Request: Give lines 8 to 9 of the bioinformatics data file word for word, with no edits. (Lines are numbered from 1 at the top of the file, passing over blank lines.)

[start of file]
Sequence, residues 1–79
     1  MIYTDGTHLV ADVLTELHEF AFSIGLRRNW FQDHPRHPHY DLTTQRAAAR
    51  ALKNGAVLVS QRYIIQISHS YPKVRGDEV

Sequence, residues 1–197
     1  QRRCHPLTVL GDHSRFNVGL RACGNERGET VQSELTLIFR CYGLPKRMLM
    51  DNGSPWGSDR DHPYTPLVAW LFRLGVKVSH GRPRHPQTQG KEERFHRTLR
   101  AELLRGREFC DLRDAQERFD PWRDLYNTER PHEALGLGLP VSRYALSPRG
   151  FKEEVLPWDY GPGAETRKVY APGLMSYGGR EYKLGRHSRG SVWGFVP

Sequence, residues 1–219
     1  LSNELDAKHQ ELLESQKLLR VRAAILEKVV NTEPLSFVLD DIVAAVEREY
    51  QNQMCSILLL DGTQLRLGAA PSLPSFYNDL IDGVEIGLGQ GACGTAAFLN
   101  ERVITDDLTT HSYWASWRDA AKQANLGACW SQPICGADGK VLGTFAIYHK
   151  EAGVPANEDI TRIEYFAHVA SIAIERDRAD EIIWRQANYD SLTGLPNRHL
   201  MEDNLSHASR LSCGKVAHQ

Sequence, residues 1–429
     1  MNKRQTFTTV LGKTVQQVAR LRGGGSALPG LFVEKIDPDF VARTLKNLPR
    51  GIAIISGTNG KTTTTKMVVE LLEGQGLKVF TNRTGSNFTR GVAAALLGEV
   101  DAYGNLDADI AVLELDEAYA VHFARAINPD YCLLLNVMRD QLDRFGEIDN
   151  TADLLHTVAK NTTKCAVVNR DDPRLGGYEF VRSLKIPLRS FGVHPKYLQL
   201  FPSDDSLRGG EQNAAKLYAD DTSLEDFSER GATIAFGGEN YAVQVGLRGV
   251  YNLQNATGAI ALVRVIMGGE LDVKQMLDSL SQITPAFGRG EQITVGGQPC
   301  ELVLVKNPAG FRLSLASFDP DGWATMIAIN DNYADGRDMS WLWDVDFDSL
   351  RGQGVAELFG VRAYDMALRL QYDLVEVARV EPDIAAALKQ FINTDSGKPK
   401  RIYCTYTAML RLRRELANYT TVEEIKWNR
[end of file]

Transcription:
   151  FKEEVLPWDY GPGAETRKVY APGLMSYGGR EYKLGRHSRG SVWGFVP

Sequence, residues 1–219